By | Election, Estate Planning | No Comments

Historically in a presidential election year, tax topics are widely discussed and debated between opposing candidates. This year is no different. The candidates have varying views when it comes to the tax planning strategy of stepped-up basis. The elimination of stepped-up basis would result in a significant increase in estate taxes for millions of Americans.

 What assets are affected?

Stock portfolio or real property.

What is Cost Basis?

The amount of an asset when purchased. For example, in the year 2000 Sally purchased a house for $100,000. The basis in the house is $100,000.

What is Stepped-up Cost Basis?

An inherited asset at its current market value as opposed to the basis of the person they inherit the asset from. For example, Sally dies in 2020 and the house is worth $300,000. Sally’s heirs will inherit the asset at the current market value in 2020 ($300,000) as opposed to the basis of when Sally purchased the house in 2000 ($100,000).

What does this mean with Stepped-up Cost Basis?

When Sally’s heirs turn around and sell the house after she passes, their basis is at $300,000, wiping out the capital gain tax that would have been imposed on the gain. (Gain = Sale Price – Cost Basis)

What does this mean if there is not Stepped-up Cost Basis?

When Sally’s heirs turn around and sell the house after she passes, their basis is at $100,000, with results in a gain of $200,000 that will have a capital gains tax imposed. The current top tax rate is 20%, with a proposed top tax rate similar to the ordinary income tax rate (39.6%) on the gain.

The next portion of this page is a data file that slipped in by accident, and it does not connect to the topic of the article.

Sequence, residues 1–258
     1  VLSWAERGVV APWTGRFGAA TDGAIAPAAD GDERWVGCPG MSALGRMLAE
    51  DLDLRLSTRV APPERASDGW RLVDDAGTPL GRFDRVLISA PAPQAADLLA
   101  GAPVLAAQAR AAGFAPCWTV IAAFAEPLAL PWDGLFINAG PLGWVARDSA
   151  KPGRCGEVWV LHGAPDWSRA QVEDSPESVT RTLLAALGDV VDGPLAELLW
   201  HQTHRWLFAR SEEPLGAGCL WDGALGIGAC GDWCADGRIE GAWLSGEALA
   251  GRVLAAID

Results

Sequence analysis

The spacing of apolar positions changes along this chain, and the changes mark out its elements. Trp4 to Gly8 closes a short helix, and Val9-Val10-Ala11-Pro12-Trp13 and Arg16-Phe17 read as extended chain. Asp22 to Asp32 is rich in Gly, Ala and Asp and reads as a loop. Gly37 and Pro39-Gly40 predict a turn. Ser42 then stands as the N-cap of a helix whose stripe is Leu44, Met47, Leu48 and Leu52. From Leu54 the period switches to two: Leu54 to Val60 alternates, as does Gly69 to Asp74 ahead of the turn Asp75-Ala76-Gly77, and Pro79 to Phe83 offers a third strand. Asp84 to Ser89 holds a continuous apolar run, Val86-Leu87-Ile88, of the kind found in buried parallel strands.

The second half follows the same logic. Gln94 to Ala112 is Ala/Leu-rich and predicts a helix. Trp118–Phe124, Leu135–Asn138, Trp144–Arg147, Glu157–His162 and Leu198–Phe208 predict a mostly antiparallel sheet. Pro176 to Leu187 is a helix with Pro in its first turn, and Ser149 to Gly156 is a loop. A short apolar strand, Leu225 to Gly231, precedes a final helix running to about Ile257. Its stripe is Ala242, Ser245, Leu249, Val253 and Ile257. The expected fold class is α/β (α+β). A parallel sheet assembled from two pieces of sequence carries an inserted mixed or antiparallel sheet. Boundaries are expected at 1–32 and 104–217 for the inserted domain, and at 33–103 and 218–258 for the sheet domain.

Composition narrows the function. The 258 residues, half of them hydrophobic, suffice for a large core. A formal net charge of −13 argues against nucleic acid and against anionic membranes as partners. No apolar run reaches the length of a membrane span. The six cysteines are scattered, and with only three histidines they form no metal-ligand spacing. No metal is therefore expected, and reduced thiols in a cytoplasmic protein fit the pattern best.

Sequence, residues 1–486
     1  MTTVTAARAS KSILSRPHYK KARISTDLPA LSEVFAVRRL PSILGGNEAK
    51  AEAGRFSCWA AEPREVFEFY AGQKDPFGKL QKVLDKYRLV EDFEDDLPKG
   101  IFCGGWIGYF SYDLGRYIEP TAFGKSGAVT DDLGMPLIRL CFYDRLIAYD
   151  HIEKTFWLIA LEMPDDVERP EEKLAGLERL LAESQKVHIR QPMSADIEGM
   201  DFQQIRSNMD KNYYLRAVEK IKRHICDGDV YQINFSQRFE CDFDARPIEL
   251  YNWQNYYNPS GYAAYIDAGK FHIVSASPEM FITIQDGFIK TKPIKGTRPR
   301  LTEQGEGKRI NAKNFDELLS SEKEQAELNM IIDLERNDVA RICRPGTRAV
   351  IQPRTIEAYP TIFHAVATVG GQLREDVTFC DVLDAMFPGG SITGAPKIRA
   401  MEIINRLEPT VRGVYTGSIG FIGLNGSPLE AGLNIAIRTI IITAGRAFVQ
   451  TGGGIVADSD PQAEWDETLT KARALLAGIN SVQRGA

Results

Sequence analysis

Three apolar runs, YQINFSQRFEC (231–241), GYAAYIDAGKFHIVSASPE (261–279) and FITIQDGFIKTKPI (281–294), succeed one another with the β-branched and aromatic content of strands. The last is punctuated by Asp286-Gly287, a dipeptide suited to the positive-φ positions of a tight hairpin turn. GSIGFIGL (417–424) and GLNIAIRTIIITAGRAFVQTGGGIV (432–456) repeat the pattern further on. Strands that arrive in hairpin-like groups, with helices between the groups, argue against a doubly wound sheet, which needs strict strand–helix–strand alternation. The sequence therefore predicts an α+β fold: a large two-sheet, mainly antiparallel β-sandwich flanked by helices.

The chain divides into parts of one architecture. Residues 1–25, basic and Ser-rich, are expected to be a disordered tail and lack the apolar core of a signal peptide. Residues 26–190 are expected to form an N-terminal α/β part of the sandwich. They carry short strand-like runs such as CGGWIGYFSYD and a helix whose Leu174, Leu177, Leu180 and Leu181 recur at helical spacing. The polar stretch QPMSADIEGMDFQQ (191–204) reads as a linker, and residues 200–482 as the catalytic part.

One of the additional proposed modifications to the step-up in basis of an appreciable asset, is the gain could be taxed not only if an appreciable asset is sold, but also would automatically be triggered by simply inheriting this type of asset.

The year 2020 will go down in history as one of the most challenging years for American people due to the financial impacts of the Corona Virus. These proposed changes to appreciable assets will have additional financial impacts on millions of portfolios and next generation transfers. If this tax on unrealized gains happens, people will need to rethink their investments and estate plans. Now more than ever, it’s time to rethink investment strategies and have an estate plan created or have an existing estate plan reviewed immediately.